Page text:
“Section 6(b) undermines an essential function of the Consumer Product Safety Commission, prohibiting them from alerting consumers to hazardous products in a timely manner,” said Rush in a statement. “This has allowed companies to continue to line their pockets while consumers unknowingly purchase harmful products, completely oblivious to the potentially deadly consequences. The SHARE Information Act would reverse this remarkable injustice, protecting millions of Americans in the process.”

The bill is backed by CR and other consumer groups, including the Consumer Federation of America, Kids In Danger, Public Citizen, and U.S. PIRG.

It also has support in the Senate from Sen. Richard Blumenthal, D-Conn., who told CR previously: “For too long, Section 6(b) has acted like a gag order—depriving the CPSC from carrying out its critical mission.”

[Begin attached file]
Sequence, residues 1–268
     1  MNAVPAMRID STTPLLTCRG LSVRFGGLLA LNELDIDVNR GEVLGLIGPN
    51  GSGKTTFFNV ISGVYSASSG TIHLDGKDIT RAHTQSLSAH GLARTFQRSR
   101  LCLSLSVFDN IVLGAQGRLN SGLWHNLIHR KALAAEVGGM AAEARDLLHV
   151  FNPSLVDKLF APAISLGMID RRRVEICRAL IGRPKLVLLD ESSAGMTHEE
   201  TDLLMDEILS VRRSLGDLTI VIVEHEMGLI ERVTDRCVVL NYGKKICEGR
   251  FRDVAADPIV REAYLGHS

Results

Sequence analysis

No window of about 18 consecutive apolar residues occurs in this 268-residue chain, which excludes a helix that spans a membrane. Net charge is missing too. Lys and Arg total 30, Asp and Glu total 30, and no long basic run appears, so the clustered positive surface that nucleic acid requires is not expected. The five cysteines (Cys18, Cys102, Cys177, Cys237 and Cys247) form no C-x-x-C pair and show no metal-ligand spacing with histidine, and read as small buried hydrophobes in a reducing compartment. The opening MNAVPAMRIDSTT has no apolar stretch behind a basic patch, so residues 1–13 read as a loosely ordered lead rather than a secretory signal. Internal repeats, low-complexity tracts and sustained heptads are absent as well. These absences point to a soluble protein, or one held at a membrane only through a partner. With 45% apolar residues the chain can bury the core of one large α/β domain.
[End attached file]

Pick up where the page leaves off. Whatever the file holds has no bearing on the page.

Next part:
A Broken Safety System

The CPSC currently has few tools to warn consumers quickly about potentially unsafe products. “The CPSC rarely releases specific information about a manufacturer or a product without the company’s permission, largely out of fear the company will sue,” says CR’s Wallace.

When the CPSC does release information, Section 6(b) also gives companies the ability to limit the information the agency shares and to negotiate the language used, so consumers may still not get the full story. That’s what happened when the CPSC and Fisher-Price issued a joint alert on April 5, 2019, about the Rock 'n Play Sleeper. It cited 10 deaths linked to the product even though the agency and Fisher-Price knew of many more than that. It was only after CR published an investigation on April 8, reporting on 32 infant deaths known at that time, that the company publicly acknowledged the higher death count and recalled the product on April 12.